Ruth Norrington’s beautifully-bound and carefully selected compilation of letters between King Charles II and his sister, Henrietta, Duchesse d’Orleans is a wonderful read for anyone remotely interested in the Restoration court and the colourful people associated with it.
The book begins with an excellent, concise short history of the time shortly before and after the birth of Charles I & Henrietta Maria’s last child. Henrietta Anne was born in the midst of the chaos of the English Civil Wars, and the Queen, her mother, had to abandon her to the care of a trusted lady whilst she fled to safety in France (her homeland).
Minette had this amazing capacity to make people love her. Rupert of the Rhine was a suitor for her hand (and she might well have been the only woman that lifelong bachelor might have married!), and the Duke of Buckingham was also besotted. Charles truly loved Minette as he rarely loved many others. His love for his little sister was constant and true.
The letters reveal a beautifully close relationship between Charles and Minette. I found myself smiling in places where the genuine nature of it all was revealed:
…I am sure I shall be very impatient till I have the happiness to see my chere Minette againe.
– Whitehall, 16 December 1661
Other letters include those by Louis XIV, Mademoiselle de Montpensier, and more.
In a cruel twist of fate, the woman who was adored by all had to marry a man who simply was neither good nor good enough for her. Enter Philippe, duc d’Orleans, aka “Monsieur”:
Philippe comes across in history as a petulant, vain, effeminate and jealous creature – one who made life for Minette, and then later, Liselotte, most unhappy. It seems quite likely that Minette had an affair with her brother-in-law, King Louis XIV, which caused Monsieur’s displeasure and jealousy. The brief amour between Louis and Minette aroused a good deal of concern, and he started to see Louise de la Valliere “as a ruse to draw attention from Minette.” Louise de la Valliere became one of his most famous mistresses.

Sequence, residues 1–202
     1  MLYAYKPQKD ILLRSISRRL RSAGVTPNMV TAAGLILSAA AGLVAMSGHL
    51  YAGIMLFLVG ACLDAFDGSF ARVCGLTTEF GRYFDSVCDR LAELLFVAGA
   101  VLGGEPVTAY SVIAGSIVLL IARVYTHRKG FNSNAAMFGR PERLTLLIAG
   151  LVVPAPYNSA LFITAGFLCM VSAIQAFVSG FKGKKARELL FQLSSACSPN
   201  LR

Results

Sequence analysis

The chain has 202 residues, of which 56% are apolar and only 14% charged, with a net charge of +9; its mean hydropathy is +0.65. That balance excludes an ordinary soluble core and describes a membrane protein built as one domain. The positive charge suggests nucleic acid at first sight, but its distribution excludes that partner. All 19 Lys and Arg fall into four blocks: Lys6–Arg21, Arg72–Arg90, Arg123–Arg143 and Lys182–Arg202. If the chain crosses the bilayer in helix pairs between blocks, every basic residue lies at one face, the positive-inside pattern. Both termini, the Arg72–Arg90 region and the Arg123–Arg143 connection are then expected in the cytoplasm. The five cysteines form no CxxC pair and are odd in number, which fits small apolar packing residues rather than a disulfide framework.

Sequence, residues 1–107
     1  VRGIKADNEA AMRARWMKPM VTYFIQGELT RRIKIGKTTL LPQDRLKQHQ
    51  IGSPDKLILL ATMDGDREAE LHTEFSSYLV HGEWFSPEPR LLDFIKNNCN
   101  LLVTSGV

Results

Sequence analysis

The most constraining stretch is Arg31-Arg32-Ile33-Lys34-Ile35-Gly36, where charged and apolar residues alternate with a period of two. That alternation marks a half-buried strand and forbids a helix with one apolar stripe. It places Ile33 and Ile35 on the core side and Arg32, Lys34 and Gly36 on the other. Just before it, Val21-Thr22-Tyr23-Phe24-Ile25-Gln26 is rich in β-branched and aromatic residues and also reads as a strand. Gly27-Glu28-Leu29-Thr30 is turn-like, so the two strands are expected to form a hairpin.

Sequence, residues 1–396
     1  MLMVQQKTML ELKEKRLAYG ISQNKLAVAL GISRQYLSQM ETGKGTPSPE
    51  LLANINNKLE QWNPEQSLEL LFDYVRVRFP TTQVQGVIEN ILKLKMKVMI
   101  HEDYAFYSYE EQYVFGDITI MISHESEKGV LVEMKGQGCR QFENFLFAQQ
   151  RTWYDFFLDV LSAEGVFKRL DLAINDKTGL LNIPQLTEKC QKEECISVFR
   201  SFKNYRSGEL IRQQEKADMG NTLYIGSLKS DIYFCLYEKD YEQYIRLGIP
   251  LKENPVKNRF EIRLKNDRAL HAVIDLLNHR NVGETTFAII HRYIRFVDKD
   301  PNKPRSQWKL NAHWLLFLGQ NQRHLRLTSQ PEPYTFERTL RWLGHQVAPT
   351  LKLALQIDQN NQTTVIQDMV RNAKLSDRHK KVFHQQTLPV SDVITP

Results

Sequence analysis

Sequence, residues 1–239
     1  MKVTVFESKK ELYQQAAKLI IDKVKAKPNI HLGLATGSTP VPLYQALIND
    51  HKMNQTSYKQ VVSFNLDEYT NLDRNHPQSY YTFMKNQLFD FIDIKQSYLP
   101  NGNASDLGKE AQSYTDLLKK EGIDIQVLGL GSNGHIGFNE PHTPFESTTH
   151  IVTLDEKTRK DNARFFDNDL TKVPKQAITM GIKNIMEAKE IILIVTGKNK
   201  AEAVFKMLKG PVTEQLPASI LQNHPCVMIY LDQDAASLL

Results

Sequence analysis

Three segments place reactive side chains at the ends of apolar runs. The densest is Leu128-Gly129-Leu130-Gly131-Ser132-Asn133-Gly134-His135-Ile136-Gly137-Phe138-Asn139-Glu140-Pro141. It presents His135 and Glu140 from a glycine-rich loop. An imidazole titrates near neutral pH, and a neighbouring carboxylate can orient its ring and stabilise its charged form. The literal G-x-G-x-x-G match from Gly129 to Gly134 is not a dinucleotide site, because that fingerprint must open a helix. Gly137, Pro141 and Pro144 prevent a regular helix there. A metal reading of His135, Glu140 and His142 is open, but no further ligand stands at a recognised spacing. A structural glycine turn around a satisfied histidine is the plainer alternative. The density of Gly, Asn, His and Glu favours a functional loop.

There were some awfully cute sentences, in which Charles comes across as extremely down-to-earth, fighting the common cold as here in his letter from 5 March, 1663:
“I writ to you yesterday by de Chapelles, who will tell you what a cruell cold I have gott, which is now so general a disease heere, after the breaking of the frost, that nobody escapes it, and though my cold be yett so ill, as it might very well excuse me writing.”
And feeling the English winter in this letter from 5 January, 1665:
“The wether is so colde, as I can hardly hold a penn in my hand…”
I found the letters contained in this book extremely interesting and well-selected. Since my study of history at university, I have always found that letters were wonderfully informative – better than most other things one can use to study (i.e. textbooks). Letters bring the human touch that really brings past figures to life. I love how the letters between brother and sister talk about all manner of things – personal, political, from trouble with the common cold to war, court intrigue and family loss (Duke of Gloucester, Princess of Orange, etc).
Norrington does a fine job of explaining what was going on at the time each letter was written. In short, this is a lovely book which shows Charles II’s softest side. I highly recommend it.